Pentecost signifies life and a new start
What exactly is Pentecost? If you ask people on the street, many have no idea. And yet Pentecost is a prominent Christian feast. It stands for divine service and church, for life and a new start.
Imagine, the situation for Peter and the other disciples after the Lord’s ascension was really very awkward and strange. On one hand, they were full of the things they had experienced—filled to the brim with wonderful stories and experiences. Their faith had been strengthened, they were full of excitement and confidence. Their Lord and Master, Jesus Christ, had been with them. He had armed and trained them for their mission to go into the world.
On the other hand, He, the Lord, was gone. They were on their own. But the Ascension message for them had been to get to work. But how? How would this be possible without Him? Well, quite simply, with the power from on high!
The power from on high
In the Catechism of the New Apostolic Church it says (Catechism 18.104.22.168): “The phrase ‘power from on high’ (Greek: dynamis = ‘power’) is an allusion to the fulfilling, motivating, and strengthening activity of the Spirit, and points to the powerful intervention of God. Just as the Father and the Son revealed themselves within the historical world, this self-revelation of God in the Holy Spirit took place on Pentecost as an event of salvation history. The Holy Spirit strengthens the church of Christ in its endeavour to live in a manner pleasing to God and thereby prepare for the return of Christ.” The Holy Spirit—this power from on high—reveals divine thoughts to the Apostles and they carry them into the world. The cycle of divine love does not stop only because the Son of God is no longer here. Quite the contrary: “Through the outpouring of the Holy Spirit on Pentecost it is revealed that God is triune: Father, Son, and Holy Spirit. The Holy Spirit, sent by the Father and the Son, filled the Apostles and all those who were with them” (Catechism 22.214.171.124).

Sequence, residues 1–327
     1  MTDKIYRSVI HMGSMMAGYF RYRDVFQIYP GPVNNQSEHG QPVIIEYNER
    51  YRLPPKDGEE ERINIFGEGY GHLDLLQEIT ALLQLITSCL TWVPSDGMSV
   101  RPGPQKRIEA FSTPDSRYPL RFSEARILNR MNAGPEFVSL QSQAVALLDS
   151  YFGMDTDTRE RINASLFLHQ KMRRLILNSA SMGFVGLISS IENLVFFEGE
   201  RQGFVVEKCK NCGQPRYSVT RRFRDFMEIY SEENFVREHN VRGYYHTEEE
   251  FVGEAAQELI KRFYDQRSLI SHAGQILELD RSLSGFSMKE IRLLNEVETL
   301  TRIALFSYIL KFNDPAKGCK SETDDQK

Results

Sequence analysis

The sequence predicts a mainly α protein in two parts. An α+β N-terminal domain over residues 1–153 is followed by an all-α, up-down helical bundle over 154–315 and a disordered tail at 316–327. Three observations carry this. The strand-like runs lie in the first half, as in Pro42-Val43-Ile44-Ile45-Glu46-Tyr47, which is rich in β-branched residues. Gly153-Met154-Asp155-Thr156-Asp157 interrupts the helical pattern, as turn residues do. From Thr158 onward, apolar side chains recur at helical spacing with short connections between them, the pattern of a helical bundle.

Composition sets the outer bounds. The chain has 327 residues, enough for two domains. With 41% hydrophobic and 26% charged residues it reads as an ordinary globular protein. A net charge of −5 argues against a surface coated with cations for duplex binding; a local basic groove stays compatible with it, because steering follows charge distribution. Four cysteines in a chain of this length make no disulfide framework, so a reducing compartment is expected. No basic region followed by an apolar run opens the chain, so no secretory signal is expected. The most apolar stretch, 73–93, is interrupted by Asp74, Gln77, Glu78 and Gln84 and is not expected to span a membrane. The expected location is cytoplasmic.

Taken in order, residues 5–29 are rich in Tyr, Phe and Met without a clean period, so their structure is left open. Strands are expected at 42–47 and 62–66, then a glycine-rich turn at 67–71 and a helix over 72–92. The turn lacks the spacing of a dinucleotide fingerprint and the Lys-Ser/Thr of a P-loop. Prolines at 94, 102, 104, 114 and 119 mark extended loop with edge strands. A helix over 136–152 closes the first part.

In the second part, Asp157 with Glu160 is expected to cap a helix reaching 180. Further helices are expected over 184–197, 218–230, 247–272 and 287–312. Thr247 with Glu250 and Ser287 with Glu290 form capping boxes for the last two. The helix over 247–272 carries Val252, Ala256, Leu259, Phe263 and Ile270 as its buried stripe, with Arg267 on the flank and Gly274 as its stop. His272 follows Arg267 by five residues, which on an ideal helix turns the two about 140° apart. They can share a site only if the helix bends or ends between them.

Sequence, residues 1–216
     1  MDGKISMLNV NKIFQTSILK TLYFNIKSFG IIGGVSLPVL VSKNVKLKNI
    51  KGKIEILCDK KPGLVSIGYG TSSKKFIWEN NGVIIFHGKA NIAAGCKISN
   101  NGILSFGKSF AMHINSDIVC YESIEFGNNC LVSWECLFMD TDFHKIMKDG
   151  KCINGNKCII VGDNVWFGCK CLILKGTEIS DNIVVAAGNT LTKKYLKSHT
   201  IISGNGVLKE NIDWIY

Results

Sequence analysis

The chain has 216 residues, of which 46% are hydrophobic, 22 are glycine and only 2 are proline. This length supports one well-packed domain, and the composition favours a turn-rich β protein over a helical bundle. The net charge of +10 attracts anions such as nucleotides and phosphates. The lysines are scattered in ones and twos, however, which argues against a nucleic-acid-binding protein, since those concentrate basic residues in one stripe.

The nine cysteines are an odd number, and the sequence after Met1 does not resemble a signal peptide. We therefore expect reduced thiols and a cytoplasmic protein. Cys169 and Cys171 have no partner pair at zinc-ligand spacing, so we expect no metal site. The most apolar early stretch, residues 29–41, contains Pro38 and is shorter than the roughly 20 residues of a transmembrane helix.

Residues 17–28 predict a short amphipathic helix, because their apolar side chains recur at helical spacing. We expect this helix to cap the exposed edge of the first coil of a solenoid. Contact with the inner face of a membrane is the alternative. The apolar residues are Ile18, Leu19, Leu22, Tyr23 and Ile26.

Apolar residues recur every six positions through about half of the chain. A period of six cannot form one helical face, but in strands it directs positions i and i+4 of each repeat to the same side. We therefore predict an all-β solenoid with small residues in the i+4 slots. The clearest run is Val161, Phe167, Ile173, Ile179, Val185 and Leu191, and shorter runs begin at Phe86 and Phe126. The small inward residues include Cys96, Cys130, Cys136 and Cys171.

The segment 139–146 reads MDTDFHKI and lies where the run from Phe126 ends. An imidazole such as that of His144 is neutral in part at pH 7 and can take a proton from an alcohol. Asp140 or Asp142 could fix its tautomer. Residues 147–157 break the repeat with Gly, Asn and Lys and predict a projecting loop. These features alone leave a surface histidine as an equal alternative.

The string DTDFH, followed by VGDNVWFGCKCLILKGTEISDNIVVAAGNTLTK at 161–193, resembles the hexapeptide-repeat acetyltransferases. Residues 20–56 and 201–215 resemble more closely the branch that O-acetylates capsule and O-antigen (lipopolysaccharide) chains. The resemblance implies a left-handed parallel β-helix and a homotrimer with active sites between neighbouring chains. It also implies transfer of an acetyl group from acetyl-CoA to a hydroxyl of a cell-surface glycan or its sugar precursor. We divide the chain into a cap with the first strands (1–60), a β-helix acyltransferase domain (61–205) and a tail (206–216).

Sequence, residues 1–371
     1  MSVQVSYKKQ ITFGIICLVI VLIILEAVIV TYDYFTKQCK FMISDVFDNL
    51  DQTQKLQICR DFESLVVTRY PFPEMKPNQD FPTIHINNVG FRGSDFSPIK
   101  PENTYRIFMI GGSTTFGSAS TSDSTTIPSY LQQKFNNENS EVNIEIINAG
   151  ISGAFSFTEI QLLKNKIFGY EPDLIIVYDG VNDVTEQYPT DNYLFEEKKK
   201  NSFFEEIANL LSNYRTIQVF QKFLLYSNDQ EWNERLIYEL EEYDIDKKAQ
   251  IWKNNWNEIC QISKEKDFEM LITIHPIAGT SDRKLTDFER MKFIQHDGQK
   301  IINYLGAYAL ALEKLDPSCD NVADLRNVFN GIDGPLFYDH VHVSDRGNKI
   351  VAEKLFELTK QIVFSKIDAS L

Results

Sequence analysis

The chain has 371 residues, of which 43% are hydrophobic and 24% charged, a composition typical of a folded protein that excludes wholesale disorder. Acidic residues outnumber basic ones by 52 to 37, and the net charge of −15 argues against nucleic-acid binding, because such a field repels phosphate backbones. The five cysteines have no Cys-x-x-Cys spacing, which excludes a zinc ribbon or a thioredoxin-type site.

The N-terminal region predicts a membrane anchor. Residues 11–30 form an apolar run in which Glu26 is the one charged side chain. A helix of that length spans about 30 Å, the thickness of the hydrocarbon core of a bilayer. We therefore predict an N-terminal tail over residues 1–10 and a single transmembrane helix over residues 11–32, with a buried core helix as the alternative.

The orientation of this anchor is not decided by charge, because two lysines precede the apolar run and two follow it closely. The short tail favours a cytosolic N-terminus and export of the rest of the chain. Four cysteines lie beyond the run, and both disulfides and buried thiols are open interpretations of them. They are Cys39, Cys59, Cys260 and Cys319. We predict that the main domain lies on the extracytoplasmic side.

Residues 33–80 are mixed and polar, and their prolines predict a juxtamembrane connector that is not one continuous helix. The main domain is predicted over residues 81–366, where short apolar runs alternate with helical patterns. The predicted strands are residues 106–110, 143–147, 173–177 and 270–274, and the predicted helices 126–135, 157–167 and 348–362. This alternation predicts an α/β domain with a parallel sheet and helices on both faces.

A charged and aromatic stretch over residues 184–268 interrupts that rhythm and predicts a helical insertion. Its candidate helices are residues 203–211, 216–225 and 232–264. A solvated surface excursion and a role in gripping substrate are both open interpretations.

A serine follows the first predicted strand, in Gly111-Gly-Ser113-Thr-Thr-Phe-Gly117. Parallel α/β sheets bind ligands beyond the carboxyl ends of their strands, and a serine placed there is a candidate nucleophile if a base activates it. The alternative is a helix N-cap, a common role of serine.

The birth of the church
And then something happened that is unique in church history and that will not be repeated: “Thereby the church of Christ became historical reality. This event shows that the Holy Spirit is a necessary prerequisite for church: church and the Holy Spirit belong together.”
The church had been born. Not individual denominations, not the local parish, not small or large congregations—the church as such! And all of a sudden believing people could share in this power from on high. Also here the Catechism has something important to say: “The Holy Spirit is continually present in the congregations led by Apostles. In them there is divine life, which is revealed in the activity and preaching of the Apostles, and which is also to emerge in the words and deeds of every believer (Romans 8: 14). By receiving the gift of the Holy Spirit, human beings have fellowship with the triune God as children of God. For those who will be caught up to the Lord, this fellowship will attain its perfection at the return of Christ” (Catechism 126.96.36.199).
Today, many Christians have lost this exuberance and enthusiasm for the church. They amble along as though the church were something disturbing, something demanding. What has happened to the optimistic mood, this get-up-and-go attitude of that time?
Those who cling to Pentecost will be inspired by and feel this power from on high over and over again!